Nearly two years into it now and still fighting hard every day.
I vowed that I would do whatever I could to maintain as normal a lifestyle as possible given the circumstances.
Has cancer changed my fathering at all? Sure has.
I actually ask my kids for help more often as I am not able to do everything I once could.
They all ask endlessly what they can do to help and are constantly reaching out.
Cancer has impacted my relationship with my children but believe me when I tell you beyond doubt it has only become stronger and deeper.
So with Father’s Day just around the corner, what does that mean to me?
First and foremost, it is a day to celebrate all the father figures that have had a positive impact on me and have taught me so many life lessons that I have hopefully passed along to my children.
It’s a day to reflect on the impact I have had on my children.
Being a father is as much about learning with your children as it is teaching them.
They take you back to simpler days of wonderment and amazement of anything and everything around them.
They slow you down and remind you to enjoy the journey you are on with them—you know the old “smell the roses” saying.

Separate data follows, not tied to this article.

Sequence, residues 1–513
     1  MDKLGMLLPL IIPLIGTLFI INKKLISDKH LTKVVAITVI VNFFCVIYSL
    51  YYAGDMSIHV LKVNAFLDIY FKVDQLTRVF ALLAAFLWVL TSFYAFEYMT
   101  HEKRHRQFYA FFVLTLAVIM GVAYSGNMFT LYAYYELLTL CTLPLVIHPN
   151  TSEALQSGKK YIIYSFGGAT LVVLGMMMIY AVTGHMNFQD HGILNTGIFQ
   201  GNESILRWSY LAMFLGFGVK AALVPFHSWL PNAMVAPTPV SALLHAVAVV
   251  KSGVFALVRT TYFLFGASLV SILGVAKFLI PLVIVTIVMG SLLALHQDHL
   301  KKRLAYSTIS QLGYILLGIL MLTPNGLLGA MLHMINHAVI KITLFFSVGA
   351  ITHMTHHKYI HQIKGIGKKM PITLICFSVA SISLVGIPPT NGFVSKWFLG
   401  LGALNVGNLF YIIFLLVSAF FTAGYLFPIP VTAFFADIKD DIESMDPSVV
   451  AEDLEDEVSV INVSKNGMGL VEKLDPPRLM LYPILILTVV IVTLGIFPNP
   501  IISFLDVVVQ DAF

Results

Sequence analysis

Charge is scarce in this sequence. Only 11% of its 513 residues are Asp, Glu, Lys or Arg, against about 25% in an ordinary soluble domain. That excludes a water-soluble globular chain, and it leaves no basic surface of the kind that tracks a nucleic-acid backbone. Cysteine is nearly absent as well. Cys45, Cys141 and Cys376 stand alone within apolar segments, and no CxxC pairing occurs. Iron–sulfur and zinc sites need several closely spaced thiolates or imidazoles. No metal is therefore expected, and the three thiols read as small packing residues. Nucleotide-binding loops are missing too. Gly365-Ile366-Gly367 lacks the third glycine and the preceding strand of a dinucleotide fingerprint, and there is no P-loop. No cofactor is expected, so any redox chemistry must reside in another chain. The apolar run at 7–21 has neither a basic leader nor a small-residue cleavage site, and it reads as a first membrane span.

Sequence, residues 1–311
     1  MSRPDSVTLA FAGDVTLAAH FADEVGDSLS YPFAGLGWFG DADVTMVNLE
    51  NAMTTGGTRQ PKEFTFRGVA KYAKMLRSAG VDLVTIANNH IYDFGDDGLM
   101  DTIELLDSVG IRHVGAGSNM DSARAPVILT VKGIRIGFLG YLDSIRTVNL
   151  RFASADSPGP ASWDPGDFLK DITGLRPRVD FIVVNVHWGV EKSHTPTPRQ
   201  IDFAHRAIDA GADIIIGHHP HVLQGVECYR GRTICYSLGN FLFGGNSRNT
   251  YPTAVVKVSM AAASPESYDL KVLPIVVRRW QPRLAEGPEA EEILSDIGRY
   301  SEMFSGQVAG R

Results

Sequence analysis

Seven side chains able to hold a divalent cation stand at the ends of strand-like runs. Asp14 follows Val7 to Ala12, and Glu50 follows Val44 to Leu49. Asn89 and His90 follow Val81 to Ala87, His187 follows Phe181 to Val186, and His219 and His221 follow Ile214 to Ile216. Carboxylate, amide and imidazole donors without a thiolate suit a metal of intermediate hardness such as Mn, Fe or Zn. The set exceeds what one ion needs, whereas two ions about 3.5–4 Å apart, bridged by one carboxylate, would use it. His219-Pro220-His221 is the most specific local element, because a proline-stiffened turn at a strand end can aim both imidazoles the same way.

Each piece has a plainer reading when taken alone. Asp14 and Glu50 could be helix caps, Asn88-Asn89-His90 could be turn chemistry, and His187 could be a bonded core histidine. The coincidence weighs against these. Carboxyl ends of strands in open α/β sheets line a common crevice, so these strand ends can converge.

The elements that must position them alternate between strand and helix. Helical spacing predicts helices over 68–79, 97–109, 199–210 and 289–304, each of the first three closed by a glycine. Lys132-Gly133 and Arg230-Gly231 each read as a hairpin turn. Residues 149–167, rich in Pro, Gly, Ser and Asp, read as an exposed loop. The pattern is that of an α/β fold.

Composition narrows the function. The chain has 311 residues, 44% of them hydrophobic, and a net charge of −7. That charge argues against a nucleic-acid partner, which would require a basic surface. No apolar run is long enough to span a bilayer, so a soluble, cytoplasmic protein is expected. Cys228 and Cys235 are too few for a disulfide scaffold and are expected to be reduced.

It didn’t matter to me what it was my girls wanted to do or play with, as long as I was right there with them.
I wish I had a dollar for each time one of them would say, “Do again, daddy.” It probably would have been enough to put them through college.
I have been so blessed in my life to be called “Father” and “Step-Father” to seven of the most wonderful children in the world I truly can’t imagine my life without them.
Have we had our challenges along the way? Sure.
But I can tell you this, that’s what made us the most loving, caring and giving family we could possible be not only to each other but to everyone.
Trade that? Not on your life! I have certainly been blessed as a Father!
Oh and by the way I am currently on my third Jeep and Megan has one as well. Now the next chapter—“Grandfather.”
Read Megan’s story below.
From the passengers seat